"Itís charming for younger gamers, but not really worth more than a rental thanks to its brevity."
In 2003, THQ released Tak and the Power of Juju. It was a quaint platformer that went on to spawn several sequels. Nickelodeon was interested enough by that point that in 2006 it acquired the rights to Tak and produced a CGI animation (also called Tak and the Power of Juju). Somewhere along the line, the people in charge of the license seem to have decided that the franchise should be milked for all that itís worth. Even so, Tak and the Guardians of Gross for the Wii proves that the series is still worth your time.
With this being the fourth installment in the series, newcomers may have difficulty understanding the story at first. To recap, the series revolves around a shaman apprentice named Tak who acquires and utilizes Juju power with his magical staff. He uses these powers to protect his village from evil. This time the plot appears to be a side story. Tak is exploring the Spoiled Shrine and accidentally destroys a crystal that harbored the essences of the four Grosstrosities. Itís now up to Tak to right his own wrongdoings.
The gameplay borrows from multiple games of varying genres. Excluding the introductory level that explains Takís moves, the four main levels take place on, in, and around the four giants and definitely present that Shadow of the Colossus feel. The boss battles fail to be as epic, however. When he's not battling giants, Tak will spend his time jumping across platforms, climbing ledges, and sliding down rails in typical platforming manner, plus heíll also run up and along walls like the hero in the Prince of Persia games. Throughout, Tak's general movement is controlled with the analog stick, jumping is done with the A button, and heíll attack with his staff with the B button. Context-specific actions such as wall climbs are performed by pressing the 'Z' button. Additionally, Tak can run along walls by holding down that button for the duration of the run.
Besides these action-platforming sections, there are point-and-click sections that include a rail-shooting chase sequence with Tak firing rocks at a pursuing guardian. There also are four mini-games players must play through at the beginning of each level. These mini-games vary from a Connect-Four style contest to a tower defense game. Completing these challenges will allow Tak to receive a unique Juju power that is needed to complete the respective level.
Juju powers are what make this title stand out from the sea of generic platformers. The four varieties include Lumpy Juju for creating platforms and activating magic devices and Slime Juju for turning Tak into a ball of slime for traversing over slimy terrain. Cheesy Juju modifies the chemical composition of blue and green cheeses, where if one becomes a solid, the other melts into a liquid and vice versa. Finally, thereís Smelly Juju that gives Tak the power to create whirlwinds for powering devices that react to wind.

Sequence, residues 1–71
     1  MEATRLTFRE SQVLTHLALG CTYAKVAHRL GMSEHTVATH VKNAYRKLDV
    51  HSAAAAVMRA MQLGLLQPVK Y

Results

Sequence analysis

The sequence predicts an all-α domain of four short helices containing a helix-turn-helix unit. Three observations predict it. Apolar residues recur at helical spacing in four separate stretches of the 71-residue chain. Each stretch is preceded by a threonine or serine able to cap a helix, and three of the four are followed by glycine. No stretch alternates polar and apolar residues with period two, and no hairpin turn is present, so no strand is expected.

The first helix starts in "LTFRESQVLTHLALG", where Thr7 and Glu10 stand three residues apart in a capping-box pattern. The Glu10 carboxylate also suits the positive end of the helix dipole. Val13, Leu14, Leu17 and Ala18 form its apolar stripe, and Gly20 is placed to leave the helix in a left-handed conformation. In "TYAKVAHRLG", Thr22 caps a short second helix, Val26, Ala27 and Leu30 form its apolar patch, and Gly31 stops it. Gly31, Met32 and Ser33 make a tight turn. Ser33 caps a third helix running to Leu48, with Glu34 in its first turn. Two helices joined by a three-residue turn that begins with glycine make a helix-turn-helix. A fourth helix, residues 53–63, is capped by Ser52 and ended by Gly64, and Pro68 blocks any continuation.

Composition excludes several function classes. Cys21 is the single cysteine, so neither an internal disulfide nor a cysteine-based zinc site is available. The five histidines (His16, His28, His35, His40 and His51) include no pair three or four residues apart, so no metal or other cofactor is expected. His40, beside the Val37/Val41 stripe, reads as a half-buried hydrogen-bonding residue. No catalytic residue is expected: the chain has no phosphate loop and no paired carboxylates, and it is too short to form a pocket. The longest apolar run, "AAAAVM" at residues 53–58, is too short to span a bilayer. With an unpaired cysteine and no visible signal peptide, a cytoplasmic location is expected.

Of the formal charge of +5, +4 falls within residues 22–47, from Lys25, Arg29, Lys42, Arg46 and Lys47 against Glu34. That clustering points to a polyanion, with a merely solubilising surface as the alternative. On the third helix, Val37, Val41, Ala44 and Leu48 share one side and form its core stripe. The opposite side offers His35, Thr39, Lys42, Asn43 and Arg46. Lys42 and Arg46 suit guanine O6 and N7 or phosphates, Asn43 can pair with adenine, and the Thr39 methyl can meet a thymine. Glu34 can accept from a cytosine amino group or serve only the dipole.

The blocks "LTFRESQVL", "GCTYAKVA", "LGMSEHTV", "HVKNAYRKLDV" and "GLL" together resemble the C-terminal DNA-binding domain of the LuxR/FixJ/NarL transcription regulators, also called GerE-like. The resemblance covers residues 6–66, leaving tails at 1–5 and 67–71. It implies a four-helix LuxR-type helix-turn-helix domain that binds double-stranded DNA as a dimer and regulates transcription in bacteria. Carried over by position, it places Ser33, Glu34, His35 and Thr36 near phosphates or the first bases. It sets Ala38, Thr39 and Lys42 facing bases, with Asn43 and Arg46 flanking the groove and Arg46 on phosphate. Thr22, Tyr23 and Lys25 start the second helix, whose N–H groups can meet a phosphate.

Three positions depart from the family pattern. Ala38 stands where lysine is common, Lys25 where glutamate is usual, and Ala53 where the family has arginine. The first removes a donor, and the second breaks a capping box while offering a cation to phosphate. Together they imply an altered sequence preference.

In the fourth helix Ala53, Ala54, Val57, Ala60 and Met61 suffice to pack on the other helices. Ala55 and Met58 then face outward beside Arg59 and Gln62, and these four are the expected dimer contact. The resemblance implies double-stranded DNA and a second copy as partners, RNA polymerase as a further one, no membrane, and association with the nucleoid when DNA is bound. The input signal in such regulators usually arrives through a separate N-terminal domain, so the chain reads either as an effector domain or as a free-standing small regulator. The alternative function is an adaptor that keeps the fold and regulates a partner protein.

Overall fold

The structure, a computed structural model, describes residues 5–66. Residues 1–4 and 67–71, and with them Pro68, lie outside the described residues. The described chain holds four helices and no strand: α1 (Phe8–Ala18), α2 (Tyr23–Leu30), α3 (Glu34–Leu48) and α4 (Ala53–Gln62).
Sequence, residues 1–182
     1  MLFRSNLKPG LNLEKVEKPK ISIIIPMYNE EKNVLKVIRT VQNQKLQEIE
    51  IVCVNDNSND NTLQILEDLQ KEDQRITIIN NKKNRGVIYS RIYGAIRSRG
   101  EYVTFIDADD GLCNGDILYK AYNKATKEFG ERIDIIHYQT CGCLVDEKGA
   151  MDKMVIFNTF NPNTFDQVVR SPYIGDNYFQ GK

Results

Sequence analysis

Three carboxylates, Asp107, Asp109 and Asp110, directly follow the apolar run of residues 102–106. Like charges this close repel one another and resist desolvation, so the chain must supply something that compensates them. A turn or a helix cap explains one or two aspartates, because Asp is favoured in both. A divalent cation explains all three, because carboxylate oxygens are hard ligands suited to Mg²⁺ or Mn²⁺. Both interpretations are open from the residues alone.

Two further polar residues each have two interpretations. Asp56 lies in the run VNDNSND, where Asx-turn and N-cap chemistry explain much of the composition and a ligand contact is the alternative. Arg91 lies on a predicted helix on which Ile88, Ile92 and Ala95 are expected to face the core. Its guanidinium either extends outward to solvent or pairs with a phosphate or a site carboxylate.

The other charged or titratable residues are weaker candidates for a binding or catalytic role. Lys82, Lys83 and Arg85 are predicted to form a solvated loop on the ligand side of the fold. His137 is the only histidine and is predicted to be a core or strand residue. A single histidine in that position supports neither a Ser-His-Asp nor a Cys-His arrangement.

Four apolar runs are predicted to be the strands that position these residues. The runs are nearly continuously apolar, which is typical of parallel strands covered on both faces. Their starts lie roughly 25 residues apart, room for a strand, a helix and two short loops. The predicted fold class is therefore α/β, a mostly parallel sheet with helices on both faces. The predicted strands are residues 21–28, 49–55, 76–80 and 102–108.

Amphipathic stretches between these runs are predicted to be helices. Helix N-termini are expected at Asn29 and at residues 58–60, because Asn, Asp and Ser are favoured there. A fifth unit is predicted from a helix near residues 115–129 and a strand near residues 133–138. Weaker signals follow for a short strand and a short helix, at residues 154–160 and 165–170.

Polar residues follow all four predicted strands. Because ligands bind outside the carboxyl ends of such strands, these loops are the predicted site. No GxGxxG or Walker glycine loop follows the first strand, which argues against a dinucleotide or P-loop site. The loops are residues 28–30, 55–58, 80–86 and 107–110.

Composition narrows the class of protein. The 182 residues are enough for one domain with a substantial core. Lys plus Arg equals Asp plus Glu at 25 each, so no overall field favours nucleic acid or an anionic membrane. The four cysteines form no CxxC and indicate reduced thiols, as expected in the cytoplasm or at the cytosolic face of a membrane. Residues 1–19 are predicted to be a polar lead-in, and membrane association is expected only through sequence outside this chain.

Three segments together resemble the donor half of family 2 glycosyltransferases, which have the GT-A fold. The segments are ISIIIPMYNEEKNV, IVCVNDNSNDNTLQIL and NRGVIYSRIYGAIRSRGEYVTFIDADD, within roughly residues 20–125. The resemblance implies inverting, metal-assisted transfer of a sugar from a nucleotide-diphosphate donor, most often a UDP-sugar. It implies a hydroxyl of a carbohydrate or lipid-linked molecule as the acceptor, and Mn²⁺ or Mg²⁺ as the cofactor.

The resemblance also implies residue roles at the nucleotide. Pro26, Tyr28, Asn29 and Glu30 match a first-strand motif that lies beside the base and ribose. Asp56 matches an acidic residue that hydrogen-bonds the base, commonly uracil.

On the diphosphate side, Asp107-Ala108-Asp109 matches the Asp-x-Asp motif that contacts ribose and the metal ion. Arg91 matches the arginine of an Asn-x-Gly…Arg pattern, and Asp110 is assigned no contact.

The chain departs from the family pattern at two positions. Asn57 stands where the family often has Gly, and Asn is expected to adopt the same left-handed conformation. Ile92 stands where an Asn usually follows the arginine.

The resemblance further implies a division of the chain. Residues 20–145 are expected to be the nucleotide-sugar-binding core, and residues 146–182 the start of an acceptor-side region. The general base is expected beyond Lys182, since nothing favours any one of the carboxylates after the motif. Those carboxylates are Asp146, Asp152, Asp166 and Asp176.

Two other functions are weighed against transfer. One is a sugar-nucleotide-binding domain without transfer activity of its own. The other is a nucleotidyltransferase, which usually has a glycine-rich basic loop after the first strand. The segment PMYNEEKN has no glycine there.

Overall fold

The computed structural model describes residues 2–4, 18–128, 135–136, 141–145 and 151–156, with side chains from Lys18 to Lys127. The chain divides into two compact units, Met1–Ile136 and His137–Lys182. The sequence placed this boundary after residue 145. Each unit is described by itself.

Knowing when to use these powers is by no means difficult, as can be said of the whole game. This is due to Takís constant chattering. Heíll often say things along the lines of ďMaybe I should use Cheesy Magic now.Ē In addition, thereís always a breadcrumb trail of blue orbs to follow. These orbsí purpose is twofold. One, they lead you to the exit of the level; two they are used for recharging Takís Juju gauge. When filled, the Juju Gauge will start glowing and Tak can unleash a powerful attack that destroys all enemies in the vicinity. However, the gauge depletes when Tak takes hits from enemies and disappears completely upon falling fall off a cliff. With that said, there's no fear of total defeat. Tak will lie unconscious after taking a few hits, but wonít die. This is a blessing as youíll often end up taking blind leaps of faith when the camera constantly gets obstructed (and thereís no way to control it). Since the title is directed towards children, itís no surprise that the average gamer will find it to be very easy and will be finished within three hours.
After completing the game, you can replay through the stages in Challenge Mode. This allows you to collect any Nanu Pieces you may have missed in the first playthrough. After collecting eight from a level, youíll unlock artwork that can be viewed as well as a host of other achievements for personal satisfaction. You can also replay the mini-games with another player for some brief entertainment. Another nifty bonus is the inclusion of an episode from the animated television show.
Earlier, I mentioned how annoying Takís constant commentary is. Well, itís not that the voice acting is bad (itís not), itís just he wonít shut up. The audio in general is okay but forgettable. The visuals, on the other hand, are very good. Itís a slight step up from the previous games and looks great on Wii. Presentation was at least a good effort.
In conclusion, Tak and the Guardians of Gross is a simple and short-lived platformer. Itís charming for younger gamers, but not really worth more than a rental thanks to its brevity. The Tak series did well for itself over the course of the previous console generation and perhaps what it really needs to do now is die a quiet, peaceful death before future installments tarnish our memories of the series to date.
Freelance review by Matt Olsen (November 06, 2008)
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